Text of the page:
Comparing: M22 Locust vs. Cruiser Mk. II vs. Type 98 Ke-Ni Otsu
Initially designed for airborne operations, the vehicle was never used as such by the U.S.A. during World War II. In the absence of a good air delivery system, the Ordnance Department became less enthusiastic about any further development.
The A10 Cruiser Mk. II was a further development of the A9 modification designed by John Carden. The A10 had enhanced armor and no machinegun turrets. A prototype was built in July 1937 and adopted for service as a heavy cruiser tank. A total of 175 vehicles were ordered between 1938–1939, which were manufactured by September 1940. The vehicles saw combat in France (1940), Greece (1941) and North Africa (1941).
A modification of the Type 98A Ke-Ni light tank with the Christie type suspension. Developed by Mitsubishi in 1939 under the influence of the Soviet BT-7. Only one prototype was manufactured.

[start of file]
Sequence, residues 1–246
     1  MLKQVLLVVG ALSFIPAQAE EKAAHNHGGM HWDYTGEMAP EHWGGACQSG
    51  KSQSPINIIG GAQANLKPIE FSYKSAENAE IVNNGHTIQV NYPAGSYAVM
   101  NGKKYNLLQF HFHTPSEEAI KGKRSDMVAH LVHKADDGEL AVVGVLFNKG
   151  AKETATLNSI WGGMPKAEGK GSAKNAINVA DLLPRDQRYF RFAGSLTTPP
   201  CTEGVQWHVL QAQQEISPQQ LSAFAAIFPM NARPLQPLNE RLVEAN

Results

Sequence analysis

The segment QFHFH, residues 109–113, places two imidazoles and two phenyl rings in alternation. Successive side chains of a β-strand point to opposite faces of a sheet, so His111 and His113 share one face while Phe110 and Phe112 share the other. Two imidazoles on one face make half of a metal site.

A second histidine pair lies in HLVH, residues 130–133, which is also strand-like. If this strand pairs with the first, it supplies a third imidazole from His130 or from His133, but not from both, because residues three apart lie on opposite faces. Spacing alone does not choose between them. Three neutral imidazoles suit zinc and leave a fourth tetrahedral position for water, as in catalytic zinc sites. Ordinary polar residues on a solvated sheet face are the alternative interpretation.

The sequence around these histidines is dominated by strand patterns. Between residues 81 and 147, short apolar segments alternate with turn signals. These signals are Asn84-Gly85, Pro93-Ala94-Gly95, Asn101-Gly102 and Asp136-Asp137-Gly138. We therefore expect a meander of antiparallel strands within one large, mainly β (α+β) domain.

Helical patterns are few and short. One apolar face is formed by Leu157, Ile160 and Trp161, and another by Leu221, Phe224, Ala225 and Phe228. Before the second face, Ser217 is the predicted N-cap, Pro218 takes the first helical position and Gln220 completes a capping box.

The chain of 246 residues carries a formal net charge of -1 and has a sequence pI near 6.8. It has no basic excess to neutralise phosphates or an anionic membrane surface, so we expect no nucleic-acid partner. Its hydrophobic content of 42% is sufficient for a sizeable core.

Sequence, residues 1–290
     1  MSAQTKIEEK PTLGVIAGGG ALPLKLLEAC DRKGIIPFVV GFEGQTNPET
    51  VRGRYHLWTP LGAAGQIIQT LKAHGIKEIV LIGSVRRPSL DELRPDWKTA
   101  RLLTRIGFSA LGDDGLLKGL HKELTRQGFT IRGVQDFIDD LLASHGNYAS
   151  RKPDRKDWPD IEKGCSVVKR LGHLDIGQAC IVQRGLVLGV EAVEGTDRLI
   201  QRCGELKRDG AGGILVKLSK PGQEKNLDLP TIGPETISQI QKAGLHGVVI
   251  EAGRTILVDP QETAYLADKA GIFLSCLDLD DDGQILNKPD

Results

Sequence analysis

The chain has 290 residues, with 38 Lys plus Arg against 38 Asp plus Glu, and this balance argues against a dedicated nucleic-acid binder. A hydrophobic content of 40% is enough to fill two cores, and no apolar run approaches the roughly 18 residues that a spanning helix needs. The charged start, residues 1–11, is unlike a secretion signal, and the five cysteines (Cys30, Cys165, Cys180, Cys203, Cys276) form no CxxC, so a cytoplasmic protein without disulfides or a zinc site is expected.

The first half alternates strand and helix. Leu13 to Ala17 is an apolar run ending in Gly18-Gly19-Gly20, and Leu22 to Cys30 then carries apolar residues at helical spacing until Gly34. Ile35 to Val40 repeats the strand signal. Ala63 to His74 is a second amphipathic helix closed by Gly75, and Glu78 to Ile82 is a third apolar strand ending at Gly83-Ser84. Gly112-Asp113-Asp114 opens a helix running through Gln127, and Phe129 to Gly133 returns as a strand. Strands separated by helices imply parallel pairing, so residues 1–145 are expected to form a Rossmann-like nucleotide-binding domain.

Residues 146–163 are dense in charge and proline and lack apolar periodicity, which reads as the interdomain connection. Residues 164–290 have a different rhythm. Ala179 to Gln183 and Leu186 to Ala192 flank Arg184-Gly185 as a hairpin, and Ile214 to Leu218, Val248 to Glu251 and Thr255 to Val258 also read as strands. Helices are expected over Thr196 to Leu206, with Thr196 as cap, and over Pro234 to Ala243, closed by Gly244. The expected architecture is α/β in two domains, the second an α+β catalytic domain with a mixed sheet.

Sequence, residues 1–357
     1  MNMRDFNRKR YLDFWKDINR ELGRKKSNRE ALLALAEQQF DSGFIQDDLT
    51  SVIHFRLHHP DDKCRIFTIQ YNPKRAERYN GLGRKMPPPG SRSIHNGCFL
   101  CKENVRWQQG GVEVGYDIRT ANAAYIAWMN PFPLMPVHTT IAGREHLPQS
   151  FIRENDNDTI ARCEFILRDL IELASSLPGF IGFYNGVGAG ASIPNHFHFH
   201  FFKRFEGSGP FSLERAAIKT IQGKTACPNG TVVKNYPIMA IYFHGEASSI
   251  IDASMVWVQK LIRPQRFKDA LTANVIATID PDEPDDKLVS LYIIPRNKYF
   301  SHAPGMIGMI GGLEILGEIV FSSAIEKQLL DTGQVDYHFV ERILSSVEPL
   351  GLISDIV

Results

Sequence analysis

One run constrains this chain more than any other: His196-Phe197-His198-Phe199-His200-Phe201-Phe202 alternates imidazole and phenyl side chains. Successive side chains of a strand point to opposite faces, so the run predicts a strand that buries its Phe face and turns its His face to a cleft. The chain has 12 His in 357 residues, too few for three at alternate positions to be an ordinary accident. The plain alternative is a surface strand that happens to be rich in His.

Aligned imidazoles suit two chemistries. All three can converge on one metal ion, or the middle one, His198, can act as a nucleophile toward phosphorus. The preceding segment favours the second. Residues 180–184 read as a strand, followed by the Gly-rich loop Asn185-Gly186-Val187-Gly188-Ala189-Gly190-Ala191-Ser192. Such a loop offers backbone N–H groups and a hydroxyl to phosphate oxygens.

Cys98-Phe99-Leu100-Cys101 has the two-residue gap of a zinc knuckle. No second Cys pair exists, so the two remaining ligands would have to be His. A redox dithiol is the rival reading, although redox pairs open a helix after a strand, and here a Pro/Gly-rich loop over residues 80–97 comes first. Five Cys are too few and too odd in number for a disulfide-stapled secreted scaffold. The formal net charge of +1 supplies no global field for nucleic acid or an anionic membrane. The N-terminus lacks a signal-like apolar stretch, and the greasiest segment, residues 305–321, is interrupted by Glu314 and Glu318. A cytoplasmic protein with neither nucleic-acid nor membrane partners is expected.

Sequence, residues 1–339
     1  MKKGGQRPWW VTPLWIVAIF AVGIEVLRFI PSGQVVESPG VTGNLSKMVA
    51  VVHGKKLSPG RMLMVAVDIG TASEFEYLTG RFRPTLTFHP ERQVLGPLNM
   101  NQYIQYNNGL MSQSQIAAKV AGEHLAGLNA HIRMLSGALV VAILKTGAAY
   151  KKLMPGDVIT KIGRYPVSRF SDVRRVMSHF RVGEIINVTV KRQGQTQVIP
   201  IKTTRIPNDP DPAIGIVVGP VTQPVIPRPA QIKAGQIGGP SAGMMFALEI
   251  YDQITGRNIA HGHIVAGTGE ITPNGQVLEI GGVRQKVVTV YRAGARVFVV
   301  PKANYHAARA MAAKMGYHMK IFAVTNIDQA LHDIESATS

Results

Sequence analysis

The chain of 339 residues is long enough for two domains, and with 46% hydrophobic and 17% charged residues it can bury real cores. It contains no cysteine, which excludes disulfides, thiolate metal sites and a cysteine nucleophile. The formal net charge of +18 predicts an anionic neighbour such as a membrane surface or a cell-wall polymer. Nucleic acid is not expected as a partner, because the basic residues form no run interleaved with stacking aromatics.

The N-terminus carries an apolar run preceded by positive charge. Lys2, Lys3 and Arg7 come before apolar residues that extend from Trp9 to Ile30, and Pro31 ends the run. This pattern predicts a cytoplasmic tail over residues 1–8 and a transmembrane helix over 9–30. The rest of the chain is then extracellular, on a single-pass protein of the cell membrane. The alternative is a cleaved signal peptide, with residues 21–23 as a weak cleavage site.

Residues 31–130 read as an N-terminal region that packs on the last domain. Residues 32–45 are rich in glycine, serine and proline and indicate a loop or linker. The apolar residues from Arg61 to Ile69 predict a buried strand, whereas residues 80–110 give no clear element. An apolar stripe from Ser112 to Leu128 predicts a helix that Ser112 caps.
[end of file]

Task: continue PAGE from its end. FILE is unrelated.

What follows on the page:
|Tank data page||Tank data page||Tank data page||Tank data page|
|Battle Tiers||3 4 5||3 4 5||3 4 5|
|Speed Limit||64 km/h||40 km/h||50 km/h|
|Speed Limit Back||20 km/h||15 km/h||20 km/h|
|Horse power / weight|
|Max Climb Angle|
|Hard terrain resistance|
|Medium terrain resistance|
|Soft terrain resistance|
|Damage (Explosion radius)|
|Damage / min|
|Rate of Fire|
|Stationary||18.00 %||12.00 %||%|
|In motion||18.00 %||8.50 %||%|
|When Firing||5.41 %||3.01 %||%|
|Accuracy||58.4579 %||40.6547 %||%|
|Neto Credits Income||5266.65||2855.39|
|Winrate||51.4349 %||48.658 %||%|
|Kills per Battle||0.485588||0.478317|
|More stats @ vbaddict.net||More stats||More stats||More stats|